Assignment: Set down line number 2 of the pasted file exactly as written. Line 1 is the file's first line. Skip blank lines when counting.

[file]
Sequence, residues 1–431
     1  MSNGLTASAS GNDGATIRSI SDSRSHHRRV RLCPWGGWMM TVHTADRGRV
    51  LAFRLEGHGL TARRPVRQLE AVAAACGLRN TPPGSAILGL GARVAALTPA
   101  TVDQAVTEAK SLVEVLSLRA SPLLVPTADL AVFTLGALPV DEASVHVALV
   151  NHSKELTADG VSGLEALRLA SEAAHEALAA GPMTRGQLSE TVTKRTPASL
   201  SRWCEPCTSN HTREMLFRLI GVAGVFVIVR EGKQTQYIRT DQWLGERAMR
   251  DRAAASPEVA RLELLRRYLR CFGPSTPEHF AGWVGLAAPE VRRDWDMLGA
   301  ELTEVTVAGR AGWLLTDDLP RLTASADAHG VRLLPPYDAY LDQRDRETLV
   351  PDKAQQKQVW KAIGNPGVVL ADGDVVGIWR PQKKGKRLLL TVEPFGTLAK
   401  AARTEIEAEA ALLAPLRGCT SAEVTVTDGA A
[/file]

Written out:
     1  MSNGLTASAS GNDGATIRSI SDSRSHHRRV RLCPWGGWMM TVHTADRGRV